McAlister, Elizabeth. 2013. Humanitarian Adhocracy, Transnational New Apostolic Missions, and Evangelical Anti-Dependency in a Haitian Refugee Camp. Nova Religio: The Journal of Alternative and Emergent Religions 16(4):11-34.

Abstract: This article addresses religious responses to disaster by examining how one network of conservative evangelical Christians reacted to the Haiti earthquake and the humanitarian relief that followed. The charismatic Christian New Apostolic Reformation (or Spiritual Mapping movement) is a transnational network that created the conditions for post-earthquake, internally displaced Haitians to arrive at two positions that might seem contradictory. On one hand, Pentecostal Haitian refugees used the movement’s conservative, right-wing theology to develop a punitive theodicy of the quake as God’s punishment of a sinful nation. On the other hand, rather than resign themselves to victimhood and passivity, their strict moralism allowed these evangelical refugees to formulate an uncompromising critique of the Haitian government, the United Nations peacekeeping mission, and foreign humanitarian relief. They rejected material humanitarian aid when possible and developed a stance of Christian self-sufficiency, anti-foreign-aid, and anti-dependency. They accepted visits only from American missionaries with “spiritual,” and not material, missions, and they launched their own missions to parts of Haiti unaffected by the quake.

McAlister, Elizabeth (2012) “From Slave Revolt to a Blood Pact with Satan: The Evangelical Rewriting of Haitian History”

McAlister, Elizabeth. 2012. “From Slave Revolt to a Blood Pact with Satan: The Evangelical Rewriting of Haitian History” Studies in Religion/Sciences Religieuses 42(2) [Pagination not available – Pre-publication electronic distribution]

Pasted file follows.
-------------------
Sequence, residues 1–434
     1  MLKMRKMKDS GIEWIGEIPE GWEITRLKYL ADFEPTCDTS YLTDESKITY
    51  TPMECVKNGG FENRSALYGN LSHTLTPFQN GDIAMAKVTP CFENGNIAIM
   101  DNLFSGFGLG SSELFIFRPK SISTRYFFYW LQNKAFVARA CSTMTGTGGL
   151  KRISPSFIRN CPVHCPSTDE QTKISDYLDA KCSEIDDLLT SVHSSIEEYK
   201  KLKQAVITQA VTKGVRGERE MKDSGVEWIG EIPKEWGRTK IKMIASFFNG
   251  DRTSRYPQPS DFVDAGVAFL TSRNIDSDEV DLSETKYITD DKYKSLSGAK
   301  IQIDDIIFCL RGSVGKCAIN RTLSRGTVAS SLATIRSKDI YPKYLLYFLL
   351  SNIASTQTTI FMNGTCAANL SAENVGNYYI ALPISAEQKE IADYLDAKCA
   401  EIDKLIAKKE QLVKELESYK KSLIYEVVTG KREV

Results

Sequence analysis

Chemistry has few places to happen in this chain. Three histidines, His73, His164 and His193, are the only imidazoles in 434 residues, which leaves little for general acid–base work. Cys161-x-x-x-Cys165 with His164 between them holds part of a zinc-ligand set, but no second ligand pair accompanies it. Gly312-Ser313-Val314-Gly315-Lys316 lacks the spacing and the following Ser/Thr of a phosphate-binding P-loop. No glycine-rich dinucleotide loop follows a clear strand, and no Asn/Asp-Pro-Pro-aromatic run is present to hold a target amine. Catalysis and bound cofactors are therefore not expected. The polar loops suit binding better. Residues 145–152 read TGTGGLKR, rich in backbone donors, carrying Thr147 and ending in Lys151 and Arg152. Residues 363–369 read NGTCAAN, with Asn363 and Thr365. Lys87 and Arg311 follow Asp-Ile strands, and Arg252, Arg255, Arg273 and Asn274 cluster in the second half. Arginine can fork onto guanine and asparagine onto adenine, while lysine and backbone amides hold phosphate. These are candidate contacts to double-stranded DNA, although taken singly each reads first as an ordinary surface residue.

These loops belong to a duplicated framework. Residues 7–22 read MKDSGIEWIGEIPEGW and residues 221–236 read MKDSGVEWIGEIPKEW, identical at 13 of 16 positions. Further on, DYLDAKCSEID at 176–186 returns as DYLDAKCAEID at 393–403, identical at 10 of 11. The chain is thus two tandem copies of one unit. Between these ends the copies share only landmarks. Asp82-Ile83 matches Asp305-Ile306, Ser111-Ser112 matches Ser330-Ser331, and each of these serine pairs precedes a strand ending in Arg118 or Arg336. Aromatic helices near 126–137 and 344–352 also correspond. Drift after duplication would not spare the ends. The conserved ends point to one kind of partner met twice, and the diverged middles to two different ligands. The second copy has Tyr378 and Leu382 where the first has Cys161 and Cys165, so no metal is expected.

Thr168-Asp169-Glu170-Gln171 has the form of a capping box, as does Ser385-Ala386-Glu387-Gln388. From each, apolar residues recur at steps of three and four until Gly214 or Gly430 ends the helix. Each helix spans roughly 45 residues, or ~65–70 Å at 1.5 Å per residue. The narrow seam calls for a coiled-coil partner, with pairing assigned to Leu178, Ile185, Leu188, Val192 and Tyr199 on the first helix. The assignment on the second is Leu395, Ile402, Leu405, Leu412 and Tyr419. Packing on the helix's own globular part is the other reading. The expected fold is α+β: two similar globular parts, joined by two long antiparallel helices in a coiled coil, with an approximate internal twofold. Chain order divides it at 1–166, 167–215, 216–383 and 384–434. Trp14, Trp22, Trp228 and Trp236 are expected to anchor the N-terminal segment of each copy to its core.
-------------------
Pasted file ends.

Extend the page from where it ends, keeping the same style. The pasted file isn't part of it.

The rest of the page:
Abstract: Enslaved Africans and Creoles in the French colony of Saint-Domingue are said to have gathered at a nighttime meeting at a place called Bois Caïman in what was both political rally and religious ceremony, weeks before the Haitian Revolution in 1791. The slave ceremony is known in Haitian history as a religio-political event and used frequently as a source of inspiration by nationalists, but in the 1990s, neo-evangelicals rewrote the story of the famous ceremony as a “blood pact with Satan.” This essay traces the social links and biblical logics that gave rise first to the historical record, and then to the neo-evangelical rewriting of this iconic moment. It argues that the confluence of the bicentennial of the Haitian Revolution with the political contest around President Aristide’s policies, the growth of the neo-evangelical Spiritual Mapping movement, and of the Internet, produced a new form of mythmaking, in which neo-evangelicals re-signified key symbols of the event—an oath to a divine force, blood sacrifice, a tree, and group unity—from the mythical grammar of Haitian nationalism to that of neo-evangelical Christianity. In the many ironies of this clash between the political afterlife of a slave uprising with the political afterlife of biblical scripture, Haiti becomes a nation held in captivity, and Satan becomes the colonial power who must be overthrown.